Dying Specialties by Steven Mussey MD

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Those of us in primary care like to drone on about the death of our specialty.  Yet, another group of specialists is also growing scarce. These are the doctors who provide thoughtful assessments, yet lack the advantage of expensive procedures. Specifically, I include Endocrinology, Rheumatology, Neurology, and Infectious Disease specialists in this vanishing category. Existing large groups with large patient bases and older experienced hardworking physicians in these fields are surviving. Yet, newer groups and younger physicians in these fields are either not appearing or must leave town within a few years.

The scenario plays out like this:

  • A new “cognitive field” specialist arrives. The doctor expects a substantial salary because… well… a specialist warrants such a salary. If there is any doubt, the specialist references the inflated salary guarantees listed by the recruiting firm.
  • Hospitals and groups desperate to recruit realize they have little choice but to offer the high salary.
  • The specialist is hired and the medical community rejoices.
  • Soon, a problem develops..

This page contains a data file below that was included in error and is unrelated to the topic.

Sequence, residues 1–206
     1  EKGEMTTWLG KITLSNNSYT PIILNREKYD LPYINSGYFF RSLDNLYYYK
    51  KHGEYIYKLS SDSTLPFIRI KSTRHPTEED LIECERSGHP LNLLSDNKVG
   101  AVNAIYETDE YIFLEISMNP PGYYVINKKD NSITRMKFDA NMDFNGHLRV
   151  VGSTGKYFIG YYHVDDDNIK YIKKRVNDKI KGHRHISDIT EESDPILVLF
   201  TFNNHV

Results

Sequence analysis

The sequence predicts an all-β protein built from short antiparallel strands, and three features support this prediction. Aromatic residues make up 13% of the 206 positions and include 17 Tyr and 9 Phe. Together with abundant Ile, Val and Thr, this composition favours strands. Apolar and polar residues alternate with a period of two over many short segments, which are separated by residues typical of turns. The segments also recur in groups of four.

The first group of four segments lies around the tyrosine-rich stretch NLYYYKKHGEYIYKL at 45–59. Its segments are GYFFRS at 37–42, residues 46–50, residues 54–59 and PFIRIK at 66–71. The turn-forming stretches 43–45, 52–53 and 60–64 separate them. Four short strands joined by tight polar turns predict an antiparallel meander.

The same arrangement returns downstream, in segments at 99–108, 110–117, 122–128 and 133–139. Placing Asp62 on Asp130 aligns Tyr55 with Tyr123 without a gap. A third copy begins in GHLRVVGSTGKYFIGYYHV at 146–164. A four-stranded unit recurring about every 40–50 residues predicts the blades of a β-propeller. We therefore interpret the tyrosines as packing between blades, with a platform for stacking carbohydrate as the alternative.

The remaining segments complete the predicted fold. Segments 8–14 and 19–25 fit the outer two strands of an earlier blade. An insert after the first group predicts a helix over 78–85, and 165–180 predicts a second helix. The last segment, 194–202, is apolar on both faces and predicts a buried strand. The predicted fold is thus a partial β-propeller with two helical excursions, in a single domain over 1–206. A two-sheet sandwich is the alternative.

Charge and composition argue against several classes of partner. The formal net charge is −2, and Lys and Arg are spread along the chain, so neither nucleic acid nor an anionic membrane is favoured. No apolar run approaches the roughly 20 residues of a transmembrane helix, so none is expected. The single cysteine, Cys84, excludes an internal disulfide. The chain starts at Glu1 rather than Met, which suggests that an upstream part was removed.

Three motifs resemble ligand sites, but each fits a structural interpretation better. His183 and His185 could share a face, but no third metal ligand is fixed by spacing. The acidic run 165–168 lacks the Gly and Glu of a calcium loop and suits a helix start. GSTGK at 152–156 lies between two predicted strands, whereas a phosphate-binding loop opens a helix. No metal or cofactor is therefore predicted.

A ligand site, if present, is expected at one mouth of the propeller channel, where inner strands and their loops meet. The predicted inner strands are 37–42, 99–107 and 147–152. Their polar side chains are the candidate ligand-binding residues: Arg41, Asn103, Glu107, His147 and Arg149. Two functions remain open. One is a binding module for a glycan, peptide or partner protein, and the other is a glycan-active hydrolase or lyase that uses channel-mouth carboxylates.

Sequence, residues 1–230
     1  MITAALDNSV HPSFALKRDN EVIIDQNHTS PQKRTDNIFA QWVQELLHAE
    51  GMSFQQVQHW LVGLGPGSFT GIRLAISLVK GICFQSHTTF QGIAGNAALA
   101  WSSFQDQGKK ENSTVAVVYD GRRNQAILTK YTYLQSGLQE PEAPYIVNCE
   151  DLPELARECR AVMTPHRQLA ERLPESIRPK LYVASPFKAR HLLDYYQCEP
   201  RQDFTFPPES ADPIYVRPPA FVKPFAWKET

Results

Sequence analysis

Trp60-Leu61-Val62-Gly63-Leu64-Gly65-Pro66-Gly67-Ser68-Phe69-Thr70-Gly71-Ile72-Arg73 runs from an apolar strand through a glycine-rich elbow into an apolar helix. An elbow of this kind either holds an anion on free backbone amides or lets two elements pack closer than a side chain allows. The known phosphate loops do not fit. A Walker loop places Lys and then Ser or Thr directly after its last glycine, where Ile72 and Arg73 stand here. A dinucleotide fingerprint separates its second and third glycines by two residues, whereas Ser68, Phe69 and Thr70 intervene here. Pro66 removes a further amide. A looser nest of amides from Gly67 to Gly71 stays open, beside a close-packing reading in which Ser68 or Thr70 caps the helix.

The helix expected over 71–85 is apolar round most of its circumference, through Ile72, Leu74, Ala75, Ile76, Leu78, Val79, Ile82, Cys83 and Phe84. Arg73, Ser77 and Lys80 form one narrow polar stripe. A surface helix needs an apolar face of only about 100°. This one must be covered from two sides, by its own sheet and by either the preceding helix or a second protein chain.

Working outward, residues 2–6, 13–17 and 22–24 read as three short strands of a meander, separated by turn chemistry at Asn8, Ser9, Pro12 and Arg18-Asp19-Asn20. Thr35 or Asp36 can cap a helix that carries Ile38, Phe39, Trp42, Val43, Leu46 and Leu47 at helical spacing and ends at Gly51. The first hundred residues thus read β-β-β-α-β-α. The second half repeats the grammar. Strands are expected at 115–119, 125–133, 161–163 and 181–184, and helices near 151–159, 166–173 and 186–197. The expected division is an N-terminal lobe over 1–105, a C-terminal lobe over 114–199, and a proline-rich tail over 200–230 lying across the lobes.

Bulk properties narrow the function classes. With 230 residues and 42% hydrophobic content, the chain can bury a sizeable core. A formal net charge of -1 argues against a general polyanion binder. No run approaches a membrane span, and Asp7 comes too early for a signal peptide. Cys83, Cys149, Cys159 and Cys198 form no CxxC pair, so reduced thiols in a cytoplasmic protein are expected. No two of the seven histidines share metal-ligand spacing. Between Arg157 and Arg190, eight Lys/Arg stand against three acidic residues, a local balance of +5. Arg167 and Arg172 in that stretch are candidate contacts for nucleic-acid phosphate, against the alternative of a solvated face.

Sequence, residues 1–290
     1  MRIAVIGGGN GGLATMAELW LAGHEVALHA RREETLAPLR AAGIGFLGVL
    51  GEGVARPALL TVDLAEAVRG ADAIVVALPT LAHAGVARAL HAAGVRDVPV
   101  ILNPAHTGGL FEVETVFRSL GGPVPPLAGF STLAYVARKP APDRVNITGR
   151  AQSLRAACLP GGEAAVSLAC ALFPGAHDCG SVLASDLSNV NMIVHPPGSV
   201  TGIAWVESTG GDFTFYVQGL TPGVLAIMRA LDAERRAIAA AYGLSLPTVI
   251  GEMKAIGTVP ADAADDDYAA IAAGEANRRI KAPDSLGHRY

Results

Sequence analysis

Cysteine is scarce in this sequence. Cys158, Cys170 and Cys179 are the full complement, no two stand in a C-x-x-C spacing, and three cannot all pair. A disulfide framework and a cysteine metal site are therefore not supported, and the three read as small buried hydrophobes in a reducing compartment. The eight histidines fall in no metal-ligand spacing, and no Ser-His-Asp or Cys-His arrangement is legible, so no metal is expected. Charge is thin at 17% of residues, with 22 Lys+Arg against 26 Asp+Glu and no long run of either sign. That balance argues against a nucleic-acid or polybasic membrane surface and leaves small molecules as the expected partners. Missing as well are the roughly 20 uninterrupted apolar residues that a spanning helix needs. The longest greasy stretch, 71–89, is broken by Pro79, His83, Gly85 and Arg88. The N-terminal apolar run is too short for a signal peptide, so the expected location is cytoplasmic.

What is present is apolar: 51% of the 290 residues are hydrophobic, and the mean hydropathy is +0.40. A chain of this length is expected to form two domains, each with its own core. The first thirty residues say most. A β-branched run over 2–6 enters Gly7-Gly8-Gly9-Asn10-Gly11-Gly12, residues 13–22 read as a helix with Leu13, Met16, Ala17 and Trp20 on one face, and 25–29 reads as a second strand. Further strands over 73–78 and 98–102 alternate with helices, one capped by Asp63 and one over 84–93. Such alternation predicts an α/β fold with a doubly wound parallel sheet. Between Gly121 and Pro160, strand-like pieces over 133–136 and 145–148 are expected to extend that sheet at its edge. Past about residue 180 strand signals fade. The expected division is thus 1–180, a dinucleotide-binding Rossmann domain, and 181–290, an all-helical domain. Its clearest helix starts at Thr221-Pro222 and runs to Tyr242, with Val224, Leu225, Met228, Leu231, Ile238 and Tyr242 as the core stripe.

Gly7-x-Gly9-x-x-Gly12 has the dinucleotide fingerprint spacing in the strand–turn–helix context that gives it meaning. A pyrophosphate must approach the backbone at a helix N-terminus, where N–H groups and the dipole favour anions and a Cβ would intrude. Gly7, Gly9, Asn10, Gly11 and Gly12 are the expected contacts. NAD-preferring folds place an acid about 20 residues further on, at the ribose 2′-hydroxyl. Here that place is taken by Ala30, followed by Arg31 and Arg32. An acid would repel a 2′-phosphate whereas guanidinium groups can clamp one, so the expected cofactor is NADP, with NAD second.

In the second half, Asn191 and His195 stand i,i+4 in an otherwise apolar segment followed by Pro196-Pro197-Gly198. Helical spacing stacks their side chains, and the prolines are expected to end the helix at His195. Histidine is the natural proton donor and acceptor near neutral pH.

• Successful and experienced primary care doctors know a key survival fact: They have to see a certain number of people per day in order to survive. 
  • Spending 30, 60, or 90 minutes of time with a complex patient would be great but it does not pay the bills..
  • Remember, the specialist reimbursement differential vanished a few years ago for Medicare and most insurances. The “cognitive specialists” are in the same boat as primary care doctors.
  • Unfortunately, specialists often get patients because the patients are really… well… complicated. Plus, the patients are on a lot of expensive drugs which require all sorts of prior authorizations.
  • The doctor cannot keep up with the minimal amount of patient flow to survive. The employing group or hospital keeps running the numbers and finds the practice is losing their shirts on this thoughtful new doctor.
  • Eventually, there is the difficult conversation: “You make too much money. Either you see more patients or we cut your salary.”
  • The indignant specialist rightly responds: “I CANNOT CUT QUALITY! You are asking that I put lives in jeopardy! All you care about is money and your own ridiculous hospital administrator pay!”

Of course, you know it is all downhill from there.

  • Soon the embattled, but thoughtful specialist is talking to recruiters again, all of whom promise a fabulous salary at another location. Sure, the salary offer at the new location is absurd, but try to explain that to the knowledgeable specialist.
  • The town loses its specialist and the physician employer has second thoughts about repeating the whole terrible money-losing process again.
  • Referring doctors and patients complain about the lack of such specialists in their town. 
  • The hospital and big doctor groups shrug their shoulders. What can they do?
  • On the other hand, we can always hire another invasive Cardiologist, Orthopedic Surgeon, or Vascular specialist or anyone doing lots of expensive procedures.

So, you think silly ACO’s, practice networks, and other such nonsense will fix this?

Keep drinking the Kool Aid and it will be okay…

59930cookie-checkDying Specialties by Steven Mussey MD